I would have guessed that the senior bishop of the Church of England would be consumed with institutional success, but he sounded like the kind of servant leader Christ needs when he said, “As we talk about the church, we need to make sure that we do not hear ourselves, but hear the cries of the poor and the war-torn.”

I started out feeling lucky for the opportunity to photobomb someone else’s family reunion and meet the Archbishop of Canterbury. I ended up feeling blessed by the hope that comes from meeting other family members who are giving their lives to Christ’s church.


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Lost in the Wilds of South America

One way to explore a new city is to take a wrong turn, get lost, and discover new places by trying to figure out how to get back to the one place you know. This is something Carol and I tried shortly after getting to Santiago. Our experience was complicated by several factors.

I have no sense of direction—nada, ninguno, cero.

A few days after arriving in this city of six million I went to several convenience stores, a metro stop, and a tourism center (!) asking for a map only to be told “No. Es dificil.”

The GPS on my phone doesn’t work south of Florida.

I do not see well enough to read the tiny letters on the tiny street signs that show up at random intersections.

It was late at night. It was not late when we got lost, but I understand now why elderly people don’t drive at night.

We were in a country where we speak only a few words of the language and recognize even fewer. For instance, to an uneducated ear listening to high speed Chilean Spanish, derecho/right sounds a lot like recto/straight ahead. I do know Estoy perdido/I am lost, which I used repeatedly.

The people we asked for directions were more amused by my pigeon Spanish than distressed at our predicament. I stopped at a WalMart where the parking lot attendant found it hard to believe that anyone could get where we were while wanting to be where we wanted to be.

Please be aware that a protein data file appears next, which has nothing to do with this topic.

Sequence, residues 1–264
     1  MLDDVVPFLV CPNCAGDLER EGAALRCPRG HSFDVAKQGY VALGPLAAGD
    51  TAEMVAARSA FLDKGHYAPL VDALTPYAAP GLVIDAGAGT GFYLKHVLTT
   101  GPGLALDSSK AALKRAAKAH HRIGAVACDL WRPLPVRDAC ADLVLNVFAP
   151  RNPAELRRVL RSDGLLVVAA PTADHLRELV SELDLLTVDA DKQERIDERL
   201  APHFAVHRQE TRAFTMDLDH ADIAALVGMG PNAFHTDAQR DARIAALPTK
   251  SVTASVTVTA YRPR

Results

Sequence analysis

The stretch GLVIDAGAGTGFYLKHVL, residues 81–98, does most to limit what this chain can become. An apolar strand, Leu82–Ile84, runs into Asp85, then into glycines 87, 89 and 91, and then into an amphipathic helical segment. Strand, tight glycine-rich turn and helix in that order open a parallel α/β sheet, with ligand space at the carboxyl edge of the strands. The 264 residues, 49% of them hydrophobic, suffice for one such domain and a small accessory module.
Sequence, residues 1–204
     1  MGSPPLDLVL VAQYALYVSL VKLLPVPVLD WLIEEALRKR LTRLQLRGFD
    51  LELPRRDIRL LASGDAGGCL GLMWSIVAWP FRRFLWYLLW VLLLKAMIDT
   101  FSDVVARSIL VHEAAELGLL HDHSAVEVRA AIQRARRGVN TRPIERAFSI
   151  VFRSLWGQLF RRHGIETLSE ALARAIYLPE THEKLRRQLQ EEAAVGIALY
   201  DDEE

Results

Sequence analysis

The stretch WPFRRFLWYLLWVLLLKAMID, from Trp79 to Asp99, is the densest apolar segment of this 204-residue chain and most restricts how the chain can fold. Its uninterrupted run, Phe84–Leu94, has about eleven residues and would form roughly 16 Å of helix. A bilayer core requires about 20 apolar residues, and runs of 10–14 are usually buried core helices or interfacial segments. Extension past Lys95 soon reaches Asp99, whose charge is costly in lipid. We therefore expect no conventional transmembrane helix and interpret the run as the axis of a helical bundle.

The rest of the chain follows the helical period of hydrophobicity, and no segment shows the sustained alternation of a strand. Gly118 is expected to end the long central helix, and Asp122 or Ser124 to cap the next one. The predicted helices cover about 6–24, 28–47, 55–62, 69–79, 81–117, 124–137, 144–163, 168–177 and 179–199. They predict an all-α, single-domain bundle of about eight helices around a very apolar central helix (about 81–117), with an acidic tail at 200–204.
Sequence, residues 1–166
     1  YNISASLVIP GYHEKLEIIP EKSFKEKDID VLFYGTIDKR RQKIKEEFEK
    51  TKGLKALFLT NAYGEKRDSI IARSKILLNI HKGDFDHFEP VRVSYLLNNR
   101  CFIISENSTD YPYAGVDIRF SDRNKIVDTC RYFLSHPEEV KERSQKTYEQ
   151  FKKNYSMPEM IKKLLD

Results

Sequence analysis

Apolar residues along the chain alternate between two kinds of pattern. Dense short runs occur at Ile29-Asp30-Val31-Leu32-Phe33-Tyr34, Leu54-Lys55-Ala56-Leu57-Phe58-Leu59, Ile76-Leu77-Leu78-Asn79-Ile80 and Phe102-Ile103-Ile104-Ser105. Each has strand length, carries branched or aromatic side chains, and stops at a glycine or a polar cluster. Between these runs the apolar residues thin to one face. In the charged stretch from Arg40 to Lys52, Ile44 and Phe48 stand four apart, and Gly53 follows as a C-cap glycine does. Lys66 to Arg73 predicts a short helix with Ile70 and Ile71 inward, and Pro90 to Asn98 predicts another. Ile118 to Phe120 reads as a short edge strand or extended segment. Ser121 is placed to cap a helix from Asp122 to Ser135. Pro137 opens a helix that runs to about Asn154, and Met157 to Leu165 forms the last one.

A woman taking out her trash was certain it was at least sixty kilometers, which sounds pretty far, to our house.

I tried to ask a street juggler at a busy intersection for directions, but he refused to break character. He seemed to think I was disparaging his art.

I stopped at an outdoor café where a young woman thought, “Me puedes ayudar? Yo quiero ir a casa/Can you help me? I want to go home” was the worst pickup line she had ever heard.

We live two blocks from the tallest building in South America. You might think this would make it easy to get home, but our lighthouse turns out the lights when it’s dark.

Chile feels no need to note the direction of the highway on which you are traveling. For instance, I spent a significant amount of time assuming that Costanera Norte went north and that if you were going the other direction it would be Costanera Sur, but this is not the case. (I have begun to suspect confusing signage is a clever way to encourage public transportation.)

Streets change names every few blocks for no discernible reason.

There are two roads named Americo Vespucio. One of them does not go where we needed to go.

One of the streets I most needed, La Avenida Libertador General Bernardo O’Higgins, is always called Alameda, because who wants to keep saying La Avenida Libertador General Bernardo O’Higgins? It’s still unclear why someone from Atlanta should be expected to know this.

We came really close to looking for a taxi and paying to follow them.

We eventually got home, but I have been lost frequently enough in the last three months to have time to reflect on this experience. A variety of religious faiths use the journey home as a metaphor for salvation. Jesus talked more about people being “lost” than being “sinners.” The language of lostness is worth reclaiming if we recognize the despair of getting lost and the joy of finding our way home.